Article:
3 minute read

Establishing meaningful connections across the team to prevent burnout

Surge capacity – the collection of adaptive systems that humans draw on for short-term survival in acutely stressful situations – has helped many of us through the first lockdown. The problem is that surge can quickly turn into a dribble, says Michael Moran
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Establishing meaningful connections across the team to prevent burnout

Faced with challenges such as the pandemic and working in lockdown, we are finding that we have unexpected reservoirs of energy and resourcefulness. We find the emotional strength needed to deal with the tasks ahead, and to function to a high level of effectiveness we adapt and cope as best we can.

Science writer Tara Haelle says: “Surge capacity is a collection of adaptive systems, mental and physical, that humans draw on for short-term survival in acutely stressful situations, such as natural disasters.”

Often used to describe the ways that hospitals are able to deal with emergencies in the short-term, ‘surge capacity’ was first applied to our emotional range by professor Ann Masten, psychologist, professor of child development, and expert in resilience at the University of Minnesota. Reflecting our initial response to crises, this innate ability saw a lot of us through the first steps of lockdown.

We can’t maintain this level of full capacity in ‘normal’ times let alone in uncertainty. Energy reserves start to run low and you have to accept you’ve reached your limit, okay. It’s important to take time for yourself, recognise your boundaries, listen to your body and replenish your motivation and energy levels.

Connection and engagement

During the pandemic most of us have had to redesign the way we live our lives and manage complex personal and work situations. It’s stressful and, worse, there is no real end in sight. Resilience is hard to maintain when we don’t know when or if things will return to ‘normal’ or what life and work will look like in the future.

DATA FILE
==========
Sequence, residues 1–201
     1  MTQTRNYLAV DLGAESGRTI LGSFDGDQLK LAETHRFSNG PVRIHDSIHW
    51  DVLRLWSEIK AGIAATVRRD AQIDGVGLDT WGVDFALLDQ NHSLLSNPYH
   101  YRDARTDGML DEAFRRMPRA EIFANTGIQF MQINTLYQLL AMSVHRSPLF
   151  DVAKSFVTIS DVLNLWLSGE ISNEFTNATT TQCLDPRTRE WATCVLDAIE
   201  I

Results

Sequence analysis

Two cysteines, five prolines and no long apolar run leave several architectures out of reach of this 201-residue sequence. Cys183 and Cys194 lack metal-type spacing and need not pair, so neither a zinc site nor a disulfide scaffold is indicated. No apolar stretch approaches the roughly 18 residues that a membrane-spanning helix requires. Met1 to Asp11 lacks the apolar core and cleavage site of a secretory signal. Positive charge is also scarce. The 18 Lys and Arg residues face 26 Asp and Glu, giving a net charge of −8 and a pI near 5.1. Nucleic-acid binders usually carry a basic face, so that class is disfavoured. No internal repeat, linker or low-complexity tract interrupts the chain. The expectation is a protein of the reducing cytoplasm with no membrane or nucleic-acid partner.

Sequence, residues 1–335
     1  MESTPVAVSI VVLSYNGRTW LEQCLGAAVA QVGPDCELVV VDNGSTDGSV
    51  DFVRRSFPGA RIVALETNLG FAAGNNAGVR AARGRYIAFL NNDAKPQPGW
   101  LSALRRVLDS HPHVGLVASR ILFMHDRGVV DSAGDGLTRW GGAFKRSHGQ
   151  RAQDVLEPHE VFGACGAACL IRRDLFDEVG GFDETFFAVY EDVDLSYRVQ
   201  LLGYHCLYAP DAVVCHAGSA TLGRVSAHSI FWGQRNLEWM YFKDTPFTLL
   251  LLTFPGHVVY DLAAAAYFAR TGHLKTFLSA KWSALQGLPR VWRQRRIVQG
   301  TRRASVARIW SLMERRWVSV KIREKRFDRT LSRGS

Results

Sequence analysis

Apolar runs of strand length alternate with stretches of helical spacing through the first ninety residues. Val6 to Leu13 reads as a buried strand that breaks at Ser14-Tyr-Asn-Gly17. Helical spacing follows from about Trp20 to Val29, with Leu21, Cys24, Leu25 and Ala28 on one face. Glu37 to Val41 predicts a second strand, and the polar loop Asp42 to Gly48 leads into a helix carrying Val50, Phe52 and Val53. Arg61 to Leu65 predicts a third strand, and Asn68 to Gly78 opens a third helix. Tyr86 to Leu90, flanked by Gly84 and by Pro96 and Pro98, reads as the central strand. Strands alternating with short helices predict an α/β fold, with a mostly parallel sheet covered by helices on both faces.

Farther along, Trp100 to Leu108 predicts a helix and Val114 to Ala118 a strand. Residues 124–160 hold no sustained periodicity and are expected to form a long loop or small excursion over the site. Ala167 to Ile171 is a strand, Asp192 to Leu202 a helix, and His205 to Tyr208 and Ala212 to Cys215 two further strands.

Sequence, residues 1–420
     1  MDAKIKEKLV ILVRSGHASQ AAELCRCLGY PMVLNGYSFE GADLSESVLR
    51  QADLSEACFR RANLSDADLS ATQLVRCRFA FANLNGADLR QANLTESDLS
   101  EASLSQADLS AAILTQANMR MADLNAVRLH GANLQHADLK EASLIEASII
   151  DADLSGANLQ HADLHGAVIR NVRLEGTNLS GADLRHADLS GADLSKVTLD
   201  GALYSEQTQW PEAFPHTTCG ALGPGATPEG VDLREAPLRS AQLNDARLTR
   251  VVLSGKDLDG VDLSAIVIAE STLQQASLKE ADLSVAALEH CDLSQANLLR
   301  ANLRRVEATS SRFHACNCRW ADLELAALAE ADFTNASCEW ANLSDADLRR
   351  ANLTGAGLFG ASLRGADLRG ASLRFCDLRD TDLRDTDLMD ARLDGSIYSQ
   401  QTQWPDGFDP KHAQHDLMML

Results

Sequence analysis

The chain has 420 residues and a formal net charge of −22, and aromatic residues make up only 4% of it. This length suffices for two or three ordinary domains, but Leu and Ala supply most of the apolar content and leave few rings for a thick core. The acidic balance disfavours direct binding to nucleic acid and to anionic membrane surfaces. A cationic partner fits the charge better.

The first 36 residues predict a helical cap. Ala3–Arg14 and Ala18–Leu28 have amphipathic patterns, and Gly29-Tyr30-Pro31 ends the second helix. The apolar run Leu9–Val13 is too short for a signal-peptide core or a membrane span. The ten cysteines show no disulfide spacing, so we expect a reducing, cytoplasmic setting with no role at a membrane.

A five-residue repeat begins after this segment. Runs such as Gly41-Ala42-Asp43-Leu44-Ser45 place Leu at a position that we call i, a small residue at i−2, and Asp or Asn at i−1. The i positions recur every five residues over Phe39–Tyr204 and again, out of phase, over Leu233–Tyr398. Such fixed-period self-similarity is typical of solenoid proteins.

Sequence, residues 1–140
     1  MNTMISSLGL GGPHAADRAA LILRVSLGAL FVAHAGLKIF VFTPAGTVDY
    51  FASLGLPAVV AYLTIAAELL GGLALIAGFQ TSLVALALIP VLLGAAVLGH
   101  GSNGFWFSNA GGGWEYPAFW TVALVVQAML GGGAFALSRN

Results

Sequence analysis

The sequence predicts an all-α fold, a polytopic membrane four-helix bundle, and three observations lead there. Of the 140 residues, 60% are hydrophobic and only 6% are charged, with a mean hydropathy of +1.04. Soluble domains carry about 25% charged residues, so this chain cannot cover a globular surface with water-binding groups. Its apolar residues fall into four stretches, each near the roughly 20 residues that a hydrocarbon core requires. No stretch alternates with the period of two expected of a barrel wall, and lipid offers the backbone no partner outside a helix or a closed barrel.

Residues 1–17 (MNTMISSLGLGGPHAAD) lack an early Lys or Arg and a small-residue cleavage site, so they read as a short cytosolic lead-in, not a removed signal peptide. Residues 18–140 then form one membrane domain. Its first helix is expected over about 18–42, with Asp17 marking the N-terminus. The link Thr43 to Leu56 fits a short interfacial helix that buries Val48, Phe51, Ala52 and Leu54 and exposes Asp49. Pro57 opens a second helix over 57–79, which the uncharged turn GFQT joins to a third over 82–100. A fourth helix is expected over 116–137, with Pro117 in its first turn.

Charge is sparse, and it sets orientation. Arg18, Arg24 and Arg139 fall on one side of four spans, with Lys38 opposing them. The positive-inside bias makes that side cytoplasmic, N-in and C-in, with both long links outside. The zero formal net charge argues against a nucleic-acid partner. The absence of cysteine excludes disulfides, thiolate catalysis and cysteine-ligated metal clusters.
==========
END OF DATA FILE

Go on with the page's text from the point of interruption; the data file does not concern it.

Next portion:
As a manager it’s important that you understand this process and take care of yourself, so that when you are managing a remote team you are able to help them reconnect with their personal resources. As a starting point we need to examine how we are feeling and what we do to help ourselves reconnect; for some it is gardening or walking the dog, exercise or hobbies that help us to manage stress and re-engage. We all need to find or rediscover activities that fulfil and encourage us.

Something as simple as a change of scenery can give you a surprising boost. Work somewhere different, change your environment and habits to reduce drains on your energy and encourage a new perspective. Avoid things and people who drain your energy and enthusiasm where you can.

Having goals and a purpose helps us feel more connected and engaged; of course the problem is that during lockdown planning can be difficult, so encourage everyone to recognise that we have to be flexible and adaptable in current circumstances.

It’s okay to have an off day. Sometimes we feel grumpy, recognise this and make allowances for yourself and others. Don’t be too hard on yourself as setting rigid expectations which are difficult to achieve can make it  easy to become discouraged.

The process of admitting that life is difficult at the moment makes it easier to address issues and improve the situation. Try to be positive about the challenges that keep cropping up and celebrate your competence and achievements. Accepting the challenges posed by this new reality and dealing with the accompanying negative energies enables you to open your mind up to adaptive thinking so you can use your energy to focus on working out what you and your team need and how to obtain it.

Team communication

Talk to your people to understand their situation and the challenges they are facing. You can help the team best if you are open and honest about how you're experiencing working from home and the challenges that presents. Don’t be afraid to show your own vulnerability and share your own experiences. 

Make time to listen to team members so that you can all set and share reasonable expectations and boundaries. Also encourage the team to talk about problems and to air grievances honestly. Liaising via video link involves challenges we don’t experience face to face. It’s difficult to interpret body language in the same way and it’s almost impossible to achieve meaningful eye contact, so make time to engage with team members.

Leaders need to model healthy behaviours. Don’t make assumptions about priorities, challenges and motivation. Strive for a connected conversation with each team member via the communication method that works best for them, then you can communicate vision and purpose in a way that energises them.

Nothing compares to being in touch with colleagues in person, but embrace diverse ways of staying connected, use Zoom, text messages, online platforms, email and phone calls to maintain a sense of control and community.

In short, a good support network is one of the most important ways to build your resilience in times of crisis. When facing adversity, we build resilience by accessing social support networks and remaining connected to people.

 

Published 2 December 2020
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